A WEIRD book

by Jeroen Bouterse

Here’s an interesting game. You receive 20 dollars, and you and three others can anonymously contribute any portion of this amount to a public pool. The amount of money in this pool is then multiplied by 1.5 and divided equally among all players. Repeat 10 times, then go home with your money. What will happen? How much would you contribute in round one, if you knew nothing about your fellow players?

This ‘Public Goods Game’ is one example of the many sophisticated social-psychological experiments that Joseph Henrich brings into play in his recent book The WEIRDest people in the world. It is also a good example of how he puts those experiments to use. One lesson from this game is that people are more cooperative than models of economically rational behavior would suggest (are more homo reciprocans than homo economicus (211)). Another is that average first-round contributions vary significantly between populations. ‘WEIRD’ stands for ‘Western, Educated, Industrialized, Rich, Democratic’, and also serves to emphasize that WEIRD populations are weird in the sense of unusual: they are psychological outliers in a lot of ways.

To stay with the Public Goods Game: Henrich shows that the average share of their endowment that participants from a given country put into the pool in round one correlates negatively with how strongly kinship ties are in that country, as measured either by the so-called ‘Kinship Identity Index’ or by the prevalence of cousin marriage. This is not a surprise to Henrich, who sees the same pattern repeated in other negative correlations: between the strength of kinship ties and the number of blood donations for instance (221), and in general between the strength of kinship and “impersonal prosociality”: a cooperative attitude towards anonymous strangers.

Relations like this, that can be measured in the present, form the springboard into the main theses of Henrich’s book, which are essentially historical: that people’s attitudes and psychological propensities, shaped deeply by cultural practices, over time influence the viability of different kinds of institutions. In particular, navigating individualistic societies with weak kinship ties takes different skills than navigating societies with strong kinship ties. The kind of individual psychology fostered by the weakening of kinship ties increases the fitness of voluntary associations, which in turn encourage individualism and related psychological traits.

This can lead to a virtuous cycle where individuals and social institutions become ever more adapted to a society where identities, attitudes and decisions do not center around personal (and especially familial) relations, but around individual preferences and attitudes, and around social institutions based on voluntary participation and individual decision-making. Finally, Henrich’s thesis is that to see this engine accelerate to escape velocity, we need to look at Western Europe. Western Europe developed religions and institutions that required and further fostered individual responsibility and voluntary association, such as monasteries, guilds, universities, cities and scientific societies – occasionally, Henrich even regards early modern states as voluntary associations (459). The prime mover of this process was the weakening of kinship ties in the Middle Ages, forced upon Christian populations by the ‘Marriage and Family Program’ of the medieval Church. This, Henrich claims, provides the best explanation for the European scientific revolution, the Enlightenment, the Industrial Revolution, and the global inequality that resulted from Europe’s “peculiar pathway” (476).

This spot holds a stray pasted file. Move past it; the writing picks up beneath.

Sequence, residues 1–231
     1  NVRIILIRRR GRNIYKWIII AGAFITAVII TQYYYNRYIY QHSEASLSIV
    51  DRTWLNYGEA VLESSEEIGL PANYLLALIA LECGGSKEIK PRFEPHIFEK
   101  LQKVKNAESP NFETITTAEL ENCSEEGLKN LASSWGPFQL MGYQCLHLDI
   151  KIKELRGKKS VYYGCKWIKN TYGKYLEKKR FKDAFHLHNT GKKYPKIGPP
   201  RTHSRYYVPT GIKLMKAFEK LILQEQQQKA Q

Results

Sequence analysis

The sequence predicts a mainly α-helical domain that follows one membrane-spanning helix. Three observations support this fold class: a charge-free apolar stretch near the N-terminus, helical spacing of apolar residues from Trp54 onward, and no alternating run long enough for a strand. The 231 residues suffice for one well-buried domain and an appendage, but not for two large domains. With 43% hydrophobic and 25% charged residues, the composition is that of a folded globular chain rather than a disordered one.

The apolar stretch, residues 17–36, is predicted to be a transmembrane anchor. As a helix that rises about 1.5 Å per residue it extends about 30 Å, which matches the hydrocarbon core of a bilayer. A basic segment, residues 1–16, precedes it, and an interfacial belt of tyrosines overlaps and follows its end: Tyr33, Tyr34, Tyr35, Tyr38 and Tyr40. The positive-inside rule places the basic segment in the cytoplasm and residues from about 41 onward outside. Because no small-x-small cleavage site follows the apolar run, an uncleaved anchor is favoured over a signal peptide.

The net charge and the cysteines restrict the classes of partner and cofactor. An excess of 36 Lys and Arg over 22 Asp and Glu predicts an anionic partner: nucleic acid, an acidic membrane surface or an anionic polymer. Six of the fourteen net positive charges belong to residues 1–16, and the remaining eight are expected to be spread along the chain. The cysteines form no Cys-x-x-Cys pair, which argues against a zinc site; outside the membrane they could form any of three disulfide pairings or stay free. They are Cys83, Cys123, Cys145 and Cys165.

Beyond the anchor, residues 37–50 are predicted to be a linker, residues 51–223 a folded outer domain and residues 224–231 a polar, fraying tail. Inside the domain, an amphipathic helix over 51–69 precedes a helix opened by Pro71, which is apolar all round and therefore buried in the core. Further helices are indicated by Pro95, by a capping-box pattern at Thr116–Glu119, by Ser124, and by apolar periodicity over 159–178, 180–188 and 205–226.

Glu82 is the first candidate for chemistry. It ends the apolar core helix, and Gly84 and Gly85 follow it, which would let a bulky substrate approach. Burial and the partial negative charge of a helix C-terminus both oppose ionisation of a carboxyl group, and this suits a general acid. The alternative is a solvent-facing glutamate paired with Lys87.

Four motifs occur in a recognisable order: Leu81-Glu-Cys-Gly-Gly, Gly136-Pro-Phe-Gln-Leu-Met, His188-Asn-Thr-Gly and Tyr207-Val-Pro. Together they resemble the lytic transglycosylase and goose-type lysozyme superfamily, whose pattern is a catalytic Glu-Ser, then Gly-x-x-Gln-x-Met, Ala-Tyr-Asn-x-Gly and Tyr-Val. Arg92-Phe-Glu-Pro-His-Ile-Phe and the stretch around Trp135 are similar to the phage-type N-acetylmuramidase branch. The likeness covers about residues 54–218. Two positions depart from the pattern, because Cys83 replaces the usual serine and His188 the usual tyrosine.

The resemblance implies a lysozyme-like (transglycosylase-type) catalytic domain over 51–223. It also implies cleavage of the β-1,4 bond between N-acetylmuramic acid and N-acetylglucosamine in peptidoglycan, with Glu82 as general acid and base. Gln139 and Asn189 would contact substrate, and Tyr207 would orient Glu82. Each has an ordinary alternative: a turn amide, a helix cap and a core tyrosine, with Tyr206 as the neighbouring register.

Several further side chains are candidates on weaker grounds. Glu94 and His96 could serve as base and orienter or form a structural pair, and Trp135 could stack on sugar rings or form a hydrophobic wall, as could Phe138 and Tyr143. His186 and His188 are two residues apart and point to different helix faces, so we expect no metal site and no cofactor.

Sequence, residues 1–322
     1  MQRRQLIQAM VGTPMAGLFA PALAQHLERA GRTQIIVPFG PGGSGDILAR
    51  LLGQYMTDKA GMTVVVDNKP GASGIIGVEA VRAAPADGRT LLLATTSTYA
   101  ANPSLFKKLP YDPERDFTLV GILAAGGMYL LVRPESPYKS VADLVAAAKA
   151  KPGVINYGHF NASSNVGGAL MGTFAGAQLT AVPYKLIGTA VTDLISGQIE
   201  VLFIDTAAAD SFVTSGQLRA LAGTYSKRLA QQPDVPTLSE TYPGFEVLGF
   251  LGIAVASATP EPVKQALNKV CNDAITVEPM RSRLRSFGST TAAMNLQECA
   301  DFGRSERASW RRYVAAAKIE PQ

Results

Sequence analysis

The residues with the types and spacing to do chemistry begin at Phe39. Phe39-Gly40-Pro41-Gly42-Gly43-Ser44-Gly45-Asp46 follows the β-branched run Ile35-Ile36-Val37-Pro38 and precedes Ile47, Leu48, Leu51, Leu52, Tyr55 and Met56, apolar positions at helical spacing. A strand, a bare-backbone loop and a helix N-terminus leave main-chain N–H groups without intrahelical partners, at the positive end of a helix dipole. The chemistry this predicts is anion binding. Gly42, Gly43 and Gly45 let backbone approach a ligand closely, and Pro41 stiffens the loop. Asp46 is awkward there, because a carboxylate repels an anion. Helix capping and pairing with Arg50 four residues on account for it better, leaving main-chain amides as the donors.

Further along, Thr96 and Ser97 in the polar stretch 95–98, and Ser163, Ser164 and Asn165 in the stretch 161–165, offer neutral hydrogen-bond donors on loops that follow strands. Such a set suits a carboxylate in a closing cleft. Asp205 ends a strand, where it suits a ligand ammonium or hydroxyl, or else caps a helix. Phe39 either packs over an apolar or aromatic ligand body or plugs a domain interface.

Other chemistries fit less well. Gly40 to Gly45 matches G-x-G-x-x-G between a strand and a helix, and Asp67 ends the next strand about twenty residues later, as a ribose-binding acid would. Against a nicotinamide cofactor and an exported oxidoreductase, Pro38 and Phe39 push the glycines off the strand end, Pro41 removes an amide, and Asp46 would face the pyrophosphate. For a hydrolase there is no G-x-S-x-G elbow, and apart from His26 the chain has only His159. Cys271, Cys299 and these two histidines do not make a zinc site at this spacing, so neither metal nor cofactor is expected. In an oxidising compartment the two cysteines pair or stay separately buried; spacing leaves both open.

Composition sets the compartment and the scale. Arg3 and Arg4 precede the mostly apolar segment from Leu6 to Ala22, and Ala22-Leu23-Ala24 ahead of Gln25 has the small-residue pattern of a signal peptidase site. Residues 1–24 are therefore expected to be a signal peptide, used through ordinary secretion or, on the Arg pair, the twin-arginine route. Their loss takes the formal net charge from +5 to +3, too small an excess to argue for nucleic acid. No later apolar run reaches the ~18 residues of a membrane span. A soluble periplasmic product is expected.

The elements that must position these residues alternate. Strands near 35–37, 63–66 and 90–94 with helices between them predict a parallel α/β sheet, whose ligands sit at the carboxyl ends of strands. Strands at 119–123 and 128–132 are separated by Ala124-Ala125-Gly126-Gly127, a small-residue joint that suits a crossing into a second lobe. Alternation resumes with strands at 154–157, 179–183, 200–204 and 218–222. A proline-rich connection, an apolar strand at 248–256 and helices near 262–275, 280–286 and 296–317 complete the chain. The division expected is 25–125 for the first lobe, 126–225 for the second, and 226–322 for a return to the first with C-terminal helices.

The direction of causality is a major part of Henrich’s thesis. We might complacently infer that whatever psychological differences between countries or groups of countries can experimentally be demonstrated to exist are the consequence of differences in the present or recent state of those countries, which are in turn the result of their different histories. However, Henrich has a stronger claim to defend: he singles out the psychological differences that these experiments track as the cause of historical divergence. Notwithstanding the causal complexity of history that Henrich repeatedly acknowledges, there can be no misunderstanding about the thrust of his argument (which he sometimes even represents schematically (230)): the Church’s marriage policies led to weakened kinship ties, which made Western Christian populations psychologically (proto-)‘WEIRD’. This started a self-strengthening cycle of institutional and psychological change that catapulted the West to prosperity and global dominance.